Ireland’s banks may not need more capital as a result of stress tests later this year, central bank Governor Patrick Honohan said.
“At this stage I don’t see that they would” need more capital, Honohan said in an interview before a speech in Dublin today. He added that he couldn’t guarantee banks wouldn’t need more, since capital adequacy depends on the design and severity of the tests to be carried out in Europe later this year.
Ireland has injected about 64 billion euros ($89 billion) into its financial system in the wake of the worst real estate crash in Western Europe. Morgan Kelly, an economics professor at University College Dublin who is dubbed Ireland’s Doctor Doom, said last week that banks faced a new wave of losses on loans to small and medium-sized companies.
Kelly said that the European Central Bank may force Irish banks to take a harder line on small and medium-sized businesses defaulting on loans, which poses what he called an “existential” threat to the nation’s economy.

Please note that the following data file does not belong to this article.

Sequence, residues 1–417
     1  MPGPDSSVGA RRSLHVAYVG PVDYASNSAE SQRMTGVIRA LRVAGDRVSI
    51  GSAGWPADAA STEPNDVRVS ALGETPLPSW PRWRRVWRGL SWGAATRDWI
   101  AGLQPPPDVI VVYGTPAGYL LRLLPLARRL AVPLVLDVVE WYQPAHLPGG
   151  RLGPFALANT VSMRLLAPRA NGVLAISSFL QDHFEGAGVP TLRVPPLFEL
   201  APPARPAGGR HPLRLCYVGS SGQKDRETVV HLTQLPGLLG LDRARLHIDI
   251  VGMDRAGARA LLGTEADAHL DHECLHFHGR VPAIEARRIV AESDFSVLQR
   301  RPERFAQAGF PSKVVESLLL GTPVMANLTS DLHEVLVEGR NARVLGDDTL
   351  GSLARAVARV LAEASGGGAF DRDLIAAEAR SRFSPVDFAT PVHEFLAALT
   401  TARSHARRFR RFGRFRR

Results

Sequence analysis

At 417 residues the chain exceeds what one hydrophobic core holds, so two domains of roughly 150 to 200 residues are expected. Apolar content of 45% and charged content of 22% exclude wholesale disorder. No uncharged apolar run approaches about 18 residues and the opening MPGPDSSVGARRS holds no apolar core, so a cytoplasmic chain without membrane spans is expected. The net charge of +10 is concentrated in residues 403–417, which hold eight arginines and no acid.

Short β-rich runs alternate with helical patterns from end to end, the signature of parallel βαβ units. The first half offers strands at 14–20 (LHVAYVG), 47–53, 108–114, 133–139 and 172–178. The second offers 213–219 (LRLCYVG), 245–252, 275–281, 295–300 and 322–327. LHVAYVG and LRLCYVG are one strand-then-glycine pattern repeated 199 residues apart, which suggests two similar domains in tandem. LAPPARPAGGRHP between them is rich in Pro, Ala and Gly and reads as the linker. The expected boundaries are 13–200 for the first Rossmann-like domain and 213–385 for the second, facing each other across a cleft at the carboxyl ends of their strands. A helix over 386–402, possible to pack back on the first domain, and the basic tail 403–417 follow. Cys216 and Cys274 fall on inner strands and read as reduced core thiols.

“No one is out to get Ireland” Honohan told reporters, adding that it wouldn’t make sense for the ECB to single any country out.
Honohan said in the interview that while he’s not complacent about lending to SMEs, concerns about conserving capital before upcoming stress tests aren’t constraining lending.
To contact the reporter on this story: Dara Doyle in Luxembourg at firstname.lastname@example.org
To contact the editors responsible for this story: Andrea Snyder at email@example.com John Simpson